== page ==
On March 11, President Biden signed into law the American Rescue Plan Act of 2021 (ARPA), which provides temporary premium assistance for health, dental, and vision coverage under the Consolidated Omnibus Budget Reconciliation Act of 1985 (COBRA). On May 18, the IRS issued Notice 2021-31 to guide employers on how to provide premium assistance and how to claim a corresponding tax credit.

ARPA assists qualifying individuals who lose coverage under an employer’s group health plan due to an involuntary termination of employment or reduction of hours by allowing them to opt for COBRA coverage at no cost for the period April 1, 2021, through September 30, 2021. The federal government pays the tab by providing employers with an offsetting credit against their federal Medicare taxes for the cost of COBRA coverage. For information about COBRA assistance, see our prior client alert.

Notice 2021-31 includes 86 FAQs covering topics such as who is eligible for COBRA premium assistance, what constitutes a reduction in hours and/or an involuntary termination of employment, what coverage is eligible for COBRA premium assistance, when the COBRA premium assistance period begins and ends, extended election periods, and examples of the practical impacts of the COBRA premium assistance and application of the credit.

Given the wide range of topics covered by Notice 2021-31, this alert only addresses a few key points that may be helpful clarification for employers:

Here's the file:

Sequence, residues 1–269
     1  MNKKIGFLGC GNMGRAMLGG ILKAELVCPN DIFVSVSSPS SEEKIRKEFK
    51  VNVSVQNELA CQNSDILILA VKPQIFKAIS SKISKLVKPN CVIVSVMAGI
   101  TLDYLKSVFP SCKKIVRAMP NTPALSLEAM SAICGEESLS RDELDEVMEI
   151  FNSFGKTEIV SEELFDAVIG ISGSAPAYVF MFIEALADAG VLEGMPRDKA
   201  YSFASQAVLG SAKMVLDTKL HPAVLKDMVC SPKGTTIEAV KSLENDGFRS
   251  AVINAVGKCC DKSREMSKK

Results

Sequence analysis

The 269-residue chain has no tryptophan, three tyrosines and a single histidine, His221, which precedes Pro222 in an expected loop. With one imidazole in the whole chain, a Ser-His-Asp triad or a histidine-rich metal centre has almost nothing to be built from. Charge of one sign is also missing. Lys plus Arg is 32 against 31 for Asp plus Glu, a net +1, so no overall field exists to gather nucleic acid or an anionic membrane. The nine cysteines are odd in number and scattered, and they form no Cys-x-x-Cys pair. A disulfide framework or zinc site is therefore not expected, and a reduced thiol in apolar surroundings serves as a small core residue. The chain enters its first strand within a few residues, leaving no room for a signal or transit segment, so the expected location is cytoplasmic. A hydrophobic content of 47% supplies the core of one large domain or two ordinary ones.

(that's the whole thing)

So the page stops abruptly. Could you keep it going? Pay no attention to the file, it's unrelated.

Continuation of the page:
• Certification of Eligibility. Employers may require individuals to certify that they are (and remain) eligible for the COBRA premium assistance. Since an individual is ineligible for COBRA premium assistance if he or she is or becomes eligible for health coverage under another health plan, employers (particularly employers that self-insure their health coverage) may wish to require individuals to periodically recertify that they are eligible for COBRA premium assistance.
  • Substantiation/Records. An employer may rely on an individual’s attestation for purposes of substantiating eligibility for the credit. An employer should maintain these in its records.
  • Assistance Eligible Individuals. An individual can become an assistance-eligible individual more than once (such as due to rehiring and subsequent termination).
  • Reduction in Hours. A reduction in hours, whether or not voluntary, can cause an individual to be a potential assistance-eligible individual (if the reduction in hours would make the individual eligible for COBRA). 
  • Eligibility: Involuntary Termination of Employment. An involuntary termination of employment for purposes of being eligible for premium assistance means “a severance from employment due to the independent exercise of the unilateral authority of the employer to terminate the [employee’s] employment, other than due to the employee’s implicit or explicit request, where the employee was willing and able to continue performing services.” Q&A 24. A termination due to retirement, resignation, or death would not qualify. A constructive discharge, such as a resignation due to a material change in geographic location of employment, would be considered an involuntary termination of employment for purposes of being eligible for premium assistance.